Our personalities decide how we react to situations in real life; this is our behavior in situations. Similarly, to real-life situations, when we see a stimulus in the cyber world, we tend to react based on our fundamental nature, e.g., whether to click on a link embedded in an email or not, whether to open the attachment on the email, and whether to click on a link on the website we are browsing or not [27].
It is discussed in the literature [28] that there are certain key human behavioral aspects to becoming a victim of cyber threats. From the 43 case studies of different cyber-attacks in the past 10 years, we identified four human factors at play, namely ignorance, negligence, configuration and deceit, as shown in Figure 3a.
Among these human factors, ignorance and negligence are the two main factors where the users are either not aware of the kind of threats they fell victim to, or the users neglected the fact that they could be the victims of known cyber-attacks. For instance, the Stuxnet worm exploited Iran’s nuclear program in 2009–2010, which Iranians had no knowledge of. RSA-APT attack is another example of ignorance from the victims where they experienced a zero-day attack that started with a phishing email that read “2011 Recruitment Plan” [29]. The Heartland Payment System had a data breach in 2008 through a malware attack without any prior knowledge from the victims. As Reuters reported back on 21 May 2014, 145 million eBay accounts were hacked with their passwords being compromised; therefore, a massive number of password reset requests went out to all 145 million eBay users to reset their passwords. The Home Depot data attack gained access to the payment system, installed malware, and sent payment information to the hacker’s server.
On the other hand, the Sony wiper malware attack in 2014 is a good example of negligence, where Sony ignored the fact that there could be a real threat on their system until it was too late [30]. A similar issue was revealed when P.F. Chang’s sales machine was hacked with customers’ debit card and credit card information [31]. On 30 March 2011, Epsilon revealed a Data Breach attack on brand name companies like Citibank, Capital One, Marriott, Best Buy, and JP Morgan and Chase, in which they lost close to $4 billion [32]. In the APT–Stuxnet attack, Stuxnet entered through a USB to a computer and the network, and infected it by exploiting zero-day vulnerabilities. Users were completely unaware of the Stuxnet worm attack, which started with a USB drive [33,34].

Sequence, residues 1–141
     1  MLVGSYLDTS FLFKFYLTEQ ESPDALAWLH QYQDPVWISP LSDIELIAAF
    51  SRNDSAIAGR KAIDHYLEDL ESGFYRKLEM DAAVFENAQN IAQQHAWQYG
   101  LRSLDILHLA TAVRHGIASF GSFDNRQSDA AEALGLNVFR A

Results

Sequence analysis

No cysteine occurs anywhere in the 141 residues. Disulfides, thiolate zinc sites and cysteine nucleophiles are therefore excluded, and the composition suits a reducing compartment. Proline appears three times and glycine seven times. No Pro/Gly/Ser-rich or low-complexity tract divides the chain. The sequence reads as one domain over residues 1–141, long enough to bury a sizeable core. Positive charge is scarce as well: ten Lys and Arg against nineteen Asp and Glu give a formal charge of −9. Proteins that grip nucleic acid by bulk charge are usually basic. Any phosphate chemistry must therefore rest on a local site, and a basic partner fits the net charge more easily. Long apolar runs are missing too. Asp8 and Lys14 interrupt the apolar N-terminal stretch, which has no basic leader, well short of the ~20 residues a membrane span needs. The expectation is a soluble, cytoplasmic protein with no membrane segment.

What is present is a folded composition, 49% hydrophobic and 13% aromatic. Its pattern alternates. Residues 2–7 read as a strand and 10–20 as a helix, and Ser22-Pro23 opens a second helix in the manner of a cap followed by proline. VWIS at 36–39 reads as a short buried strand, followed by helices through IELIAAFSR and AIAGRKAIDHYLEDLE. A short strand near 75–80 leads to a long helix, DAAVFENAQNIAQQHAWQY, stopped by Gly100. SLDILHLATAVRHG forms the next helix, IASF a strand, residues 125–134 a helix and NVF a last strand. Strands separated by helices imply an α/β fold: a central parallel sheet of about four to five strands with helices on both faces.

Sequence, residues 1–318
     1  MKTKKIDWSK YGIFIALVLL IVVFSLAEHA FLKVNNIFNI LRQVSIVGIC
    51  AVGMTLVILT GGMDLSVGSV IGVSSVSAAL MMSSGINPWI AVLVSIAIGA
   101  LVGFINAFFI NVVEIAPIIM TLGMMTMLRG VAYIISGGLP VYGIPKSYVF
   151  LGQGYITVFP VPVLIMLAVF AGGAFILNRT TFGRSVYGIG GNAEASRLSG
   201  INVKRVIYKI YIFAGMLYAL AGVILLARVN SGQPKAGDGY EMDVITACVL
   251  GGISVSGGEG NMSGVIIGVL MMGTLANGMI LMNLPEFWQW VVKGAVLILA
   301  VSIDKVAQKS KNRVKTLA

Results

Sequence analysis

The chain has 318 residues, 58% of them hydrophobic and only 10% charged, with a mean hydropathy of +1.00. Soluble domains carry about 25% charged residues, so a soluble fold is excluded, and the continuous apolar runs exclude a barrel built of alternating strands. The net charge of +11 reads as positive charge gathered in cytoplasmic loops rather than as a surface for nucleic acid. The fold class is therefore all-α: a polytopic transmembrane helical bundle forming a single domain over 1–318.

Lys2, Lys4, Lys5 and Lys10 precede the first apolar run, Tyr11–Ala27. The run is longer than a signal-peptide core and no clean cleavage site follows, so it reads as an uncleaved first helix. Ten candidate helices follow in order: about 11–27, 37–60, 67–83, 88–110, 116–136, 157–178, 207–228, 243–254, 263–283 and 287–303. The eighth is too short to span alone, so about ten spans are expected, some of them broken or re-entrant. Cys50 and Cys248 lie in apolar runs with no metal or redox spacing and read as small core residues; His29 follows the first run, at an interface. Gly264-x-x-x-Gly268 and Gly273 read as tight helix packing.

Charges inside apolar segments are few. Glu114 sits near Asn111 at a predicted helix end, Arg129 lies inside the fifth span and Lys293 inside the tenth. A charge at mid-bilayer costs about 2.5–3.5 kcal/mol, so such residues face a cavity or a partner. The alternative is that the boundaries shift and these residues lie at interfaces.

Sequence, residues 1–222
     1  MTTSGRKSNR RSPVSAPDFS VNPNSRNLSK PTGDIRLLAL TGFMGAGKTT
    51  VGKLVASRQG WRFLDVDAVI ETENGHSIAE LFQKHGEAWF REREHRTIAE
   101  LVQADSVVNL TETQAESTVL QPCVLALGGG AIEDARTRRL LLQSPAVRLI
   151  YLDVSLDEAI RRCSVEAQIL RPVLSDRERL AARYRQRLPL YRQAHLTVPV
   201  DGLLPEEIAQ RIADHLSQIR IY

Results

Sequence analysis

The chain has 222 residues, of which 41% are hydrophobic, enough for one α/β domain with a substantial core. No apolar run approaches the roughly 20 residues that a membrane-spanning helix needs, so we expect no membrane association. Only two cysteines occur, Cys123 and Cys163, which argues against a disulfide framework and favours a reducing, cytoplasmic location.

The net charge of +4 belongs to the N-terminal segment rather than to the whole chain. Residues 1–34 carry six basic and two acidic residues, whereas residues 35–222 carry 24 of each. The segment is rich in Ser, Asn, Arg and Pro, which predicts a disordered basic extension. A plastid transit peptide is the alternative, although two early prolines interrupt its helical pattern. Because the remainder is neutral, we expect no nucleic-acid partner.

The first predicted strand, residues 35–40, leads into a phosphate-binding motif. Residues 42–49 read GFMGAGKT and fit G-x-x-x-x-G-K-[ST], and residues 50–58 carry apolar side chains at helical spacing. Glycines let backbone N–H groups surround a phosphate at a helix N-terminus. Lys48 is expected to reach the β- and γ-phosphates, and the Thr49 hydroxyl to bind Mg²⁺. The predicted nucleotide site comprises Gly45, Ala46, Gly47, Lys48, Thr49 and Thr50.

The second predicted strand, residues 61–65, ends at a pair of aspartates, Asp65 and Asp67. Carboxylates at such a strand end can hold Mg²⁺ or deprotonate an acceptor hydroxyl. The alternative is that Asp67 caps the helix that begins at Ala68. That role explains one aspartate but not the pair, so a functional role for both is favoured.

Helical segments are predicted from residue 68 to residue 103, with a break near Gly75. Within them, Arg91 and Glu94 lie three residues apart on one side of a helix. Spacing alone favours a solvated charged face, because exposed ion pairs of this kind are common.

The BBC reported on 30 October 2013 that the Adobe password breach in 2013 impacted 38 million users. It generated and revealed passwords from hints, sample userids and hashed passwords was a result of a configuration issue. The Dairy Queen International data breach is also related to a configuration issue, in which the hacker was able to inject malicious code into explorer.exe [35].
Lastly, DOS and DDOS attacks often trick and deceive the victims with floods of network spoofing; for instance, it may appear to be coming from gaming services like the League of Legends. Furthermore, baiting using a malicious USB stick may deceive the victims to reveal key information.
As we can see from Figure 3a, which shows the distribution for these aspects in the cyber-attack case studies we analyzed, 33% of the attacks were based on ignorance, and 28% had negligence as key factors. These distributions are based on a qualitative evaluation of the case studies and the categorization of human factors.

3.4. Financial Impacts

The financial impact for all cyber threats can be far reaching, as a small attack can have cascading effects. Sony [36] lost about $35 million for its data breach. With every employee’s security impact within Sony, the analysts at Macquarie estimated the cost to rebuild Sony’s computer systems to be close to $83 million [37,38]. The financial implication of these cyber threats leads to billions of dollars lost. On 5 February 2016, a malware attack locked access to certain computer systems and prevented electronic communication within the Hollywood Presbyterian Medical Center. The hospital authority had to pay a ransom equivalent to around $17,000 in bitcoin to obtain the decryption key and get its computer systems back up and running [39]. The Central Bank of Bangladesh suffered a massive malware attack [40], where the hackers stole $101 million on 4 February 2016, and later recovered a portion of that, $20 million from Sri Lanka. The remaining $81 million is still missing and was presumably transferred to the Philippines. The investigation is still underway.
In this financial impact analysis, we categorized the intensity according to the loss in dollar amounts. For example, if a company lost less than $100,000 from cyber threats, we call it a low (1) financial impact. On the other hand, amounts greater than a million-dollar financial loss are treated as a high (5) financial consequence. The numerical ranges from 1 to 5 help us quantify these variations.